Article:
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One-faced linga
Place of Origin: India, Madhya Pradesh state
Date: approx. 400-450
Materials: Sandstone
Dimensions: H. 58 in x W. 10 in x D. 14 1/2 in, H. 147.3 cm x W. 25.4 cm x D. 36.8 cm
Credit Line: Museum purchase
Department: South Asian Art
Collection: Sculpture
Object Number: B69S15
On Display: Yes
Location: Gallery 1

Description

Label:

Temples devoted to the Hindu god Shiva often contain in their innermost sanctums a linga, or phallic emblem of this deity. A highly complex symbol, the linga represents the generative powers associated with Shiva. While most linga are plain in appearance, some—like this example—depict the face of Shiva. It includes other recognizable emblems of Shiva: matted hair (representing his asceticism and detachment from worldly concerns), the crescent moon in his hair (sometimes interpreted as a symbol of time), and the third eye in his forehead (indicating Shiva's penetrating vision and wisdom that pierce worldly illusions).

Shiva's association with the linga form derives from his asceticism. In Indian culture, ascetics were thought capable of attaining extraordinary powers—sometimes rivaling those of the gods—through meditation, austerities, and strict self-denial. Because their practices included celibacy and strict control of reproductive fluids, the upright phallus came to represent accumulated stores of energy and creative ability. Shiva, the foremost of ascetics, possesses powers vast enough to generate creation. The linga refers both to this ability and to asceticism's potential rewards, which include escaping rebirth.


More Information

Exhibition History: "The Ideal Image: The Gupta Sculptural Tradition and Its Influence", Asia House Gallery, New York (10/5/1978-12/3/1978), Kimbell Art Museum (1/11/1979-2/25/1979), The Art Institute of Chicago (3/24/1979-5/6/1979)
"Manifestations of Shiva", Philadelphia Museum of Art (3/29/1981-6/7/1981), Kimbell Art Museum, Forth Worth (8/1/1981-9/27/1981), Seattle Art Museum (11/25/1981-1/31/1982), Los Angeles County Museum of Art (3/18/1982-5/30/1982)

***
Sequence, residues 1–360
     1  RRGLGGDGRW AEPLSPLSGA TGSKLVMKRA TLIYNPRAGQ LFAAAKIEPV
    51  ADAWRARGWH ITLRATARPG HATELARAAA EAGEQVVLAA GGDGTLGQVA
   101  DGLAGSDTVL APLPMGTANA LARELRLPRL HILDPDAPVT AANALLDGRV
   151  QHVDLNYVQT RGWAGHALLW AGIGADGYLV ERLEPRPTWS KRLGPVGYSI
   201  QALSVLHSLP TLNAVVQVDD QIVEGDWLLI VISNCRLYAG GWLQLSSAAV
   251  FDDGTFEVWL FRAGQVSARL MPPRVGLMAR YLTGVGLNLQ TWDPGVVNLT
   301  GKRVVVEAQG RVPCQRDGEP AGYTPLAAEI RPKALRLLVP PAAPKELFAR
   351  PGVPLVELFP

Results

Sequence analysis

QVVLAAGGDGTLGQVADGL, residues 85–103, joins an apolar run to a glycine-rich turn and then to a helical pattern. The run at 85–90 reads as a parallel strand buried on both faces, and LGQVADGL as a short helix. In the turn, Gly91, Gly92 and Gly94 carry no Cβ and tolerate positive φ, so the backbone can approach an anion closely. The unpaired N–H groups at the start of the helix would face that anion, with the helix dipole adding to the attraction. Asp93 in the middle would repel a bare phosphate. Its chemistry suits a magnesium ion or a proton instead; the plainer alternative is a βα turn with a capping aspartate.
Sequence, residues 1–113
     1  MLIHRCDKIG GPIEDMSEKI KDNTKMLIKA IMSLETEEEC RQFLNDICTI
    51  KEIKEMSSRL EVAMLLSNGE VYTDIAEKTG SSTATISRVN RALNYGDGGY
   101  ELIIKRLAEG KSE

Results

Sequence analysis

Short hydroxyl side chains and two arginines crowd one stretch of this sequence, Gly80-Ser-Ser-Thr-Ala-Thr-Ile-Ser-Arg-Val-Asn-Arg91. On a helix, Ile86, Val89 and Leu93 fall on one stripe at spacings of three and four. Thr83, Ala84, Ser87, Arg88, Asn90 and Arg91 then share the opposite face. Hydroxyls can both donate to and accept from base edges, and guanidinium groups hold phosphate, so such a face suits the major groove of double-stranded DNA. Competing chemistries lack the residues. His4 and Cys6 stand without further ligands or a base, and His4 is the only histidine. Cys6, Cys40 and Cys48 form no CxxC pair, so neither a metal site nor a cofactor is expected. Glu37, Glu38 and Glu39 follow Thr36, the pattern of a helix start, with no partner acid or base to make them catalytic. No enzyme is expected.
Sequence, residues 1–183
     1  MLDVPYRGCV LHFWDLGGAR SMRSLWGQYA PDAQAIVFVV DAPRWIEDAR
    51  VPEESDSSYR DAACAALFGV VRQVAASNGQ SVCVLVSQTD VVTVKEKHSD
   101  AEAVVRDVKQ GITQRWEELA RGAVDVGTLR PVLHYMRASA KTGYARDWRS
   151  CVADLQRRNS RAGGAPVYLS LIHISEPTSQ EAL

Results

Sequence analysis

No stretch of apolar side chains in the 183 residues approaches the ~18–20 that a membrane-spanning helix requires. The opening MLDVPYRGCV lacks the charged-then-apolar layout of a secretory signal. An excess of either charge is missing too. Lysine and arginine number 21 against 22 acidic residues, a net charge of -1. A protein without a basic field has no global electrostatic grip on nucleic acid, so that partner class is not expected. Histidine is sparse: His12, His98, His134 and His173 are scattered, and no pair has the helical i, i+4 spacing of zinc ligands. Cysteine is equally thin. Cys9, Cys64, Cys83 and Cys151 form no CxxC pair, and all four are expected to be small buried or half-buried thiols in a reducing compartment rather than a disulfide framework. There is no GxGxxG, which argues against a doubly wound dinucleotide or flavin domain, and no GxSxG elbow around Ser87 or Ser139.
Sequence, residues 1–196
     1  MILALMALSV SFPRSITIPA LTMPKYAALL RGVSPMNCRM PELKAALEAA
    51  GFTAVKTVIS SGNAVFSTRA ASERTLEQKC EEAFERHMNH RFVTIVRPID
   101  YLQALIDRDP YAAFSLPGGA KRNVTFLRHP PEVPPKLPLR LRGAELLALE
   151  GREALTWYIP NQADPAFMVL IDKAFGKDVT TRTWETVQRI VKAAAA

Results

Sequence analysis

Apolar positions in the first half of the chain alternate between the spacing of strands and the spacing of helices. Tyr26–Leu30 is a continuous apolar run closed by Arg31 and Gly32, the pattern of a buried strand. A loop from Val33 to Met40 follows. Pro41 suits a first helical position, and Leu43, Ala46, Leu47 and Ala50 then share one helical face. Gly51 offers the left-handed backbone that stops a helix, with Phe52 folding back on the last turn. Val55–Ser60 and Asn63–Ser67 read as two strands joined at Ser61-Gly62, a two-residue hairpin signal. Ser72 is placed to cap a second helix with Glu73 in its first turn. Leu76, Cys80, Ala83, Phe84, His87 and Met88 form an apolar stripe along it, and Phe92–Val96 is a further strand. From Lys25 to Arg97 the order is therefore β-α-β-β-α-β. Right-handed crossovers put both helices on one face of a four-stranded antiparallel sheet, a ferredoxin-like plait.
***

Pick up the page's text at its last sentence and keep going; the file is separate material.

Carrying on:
"Indian Stone Sculpture ", SFO Airport, 11/15/1985 - 3/1986
Label:

Temples devoted to the Hindu god Shiva often contain in their innermost sanctums a linga, or phallic emblem of this deity. A highly complex symbol, the linga represents the generative powers associated with Shiva. While most linga are plain in appearance, some—like this example—depict the face of Shiva. It includes other recognizable emblems of Shiva: matted hair (representing his asceticism and detachment from worldly concerns), the crescent moon in his hair (sometimes interpreted as a symbol of time), and the third eye in his forehead (indicating Shiva's penetrating vision and wisdom that pierce worldly illusions).

Shiva's association with the linga form derives from his asceticism. In Indian culture, ascetics were thought capable of attaining extraordinary powers—sometimes rivaling those of the gods—through meditation, austerities, and strict self-denial. Because their practices included celibacy and strict control of reproductive fluids, the upright phallus came to represent accumulated stores of energy and creative ability. Shiva, the foremost of ascetics, possesses powers vast enough to generate creation. The linga refers both to this ability and to asceticism's potential rewards, which include escaping rebirth.


Exhibition History: "The Ideal Image: The Gupta Sculptural Tradition and Its Influence", Asia House Gallery, New York (10/5/1978-12/3/1978), Kimbell Art Museum (1/11/1979-2/25/1979), The Art Institute of Chicago (3/24/1979-5/6/1979)
"Manifestations of Shiva", Philadelphia Museum of Art (3/29/1981-6/7/1981), Kimbell Art Museum, Forth Worth (8/1/1981-9/27/1981), Seattle Art Museum (11/25/1981-1/31/1982), Los Angeles County Museum of Art (3/18/1982-5/30/1982)
"Indian Stone Sculpture ", SFO Airport, 11/15/1985 - 3/1986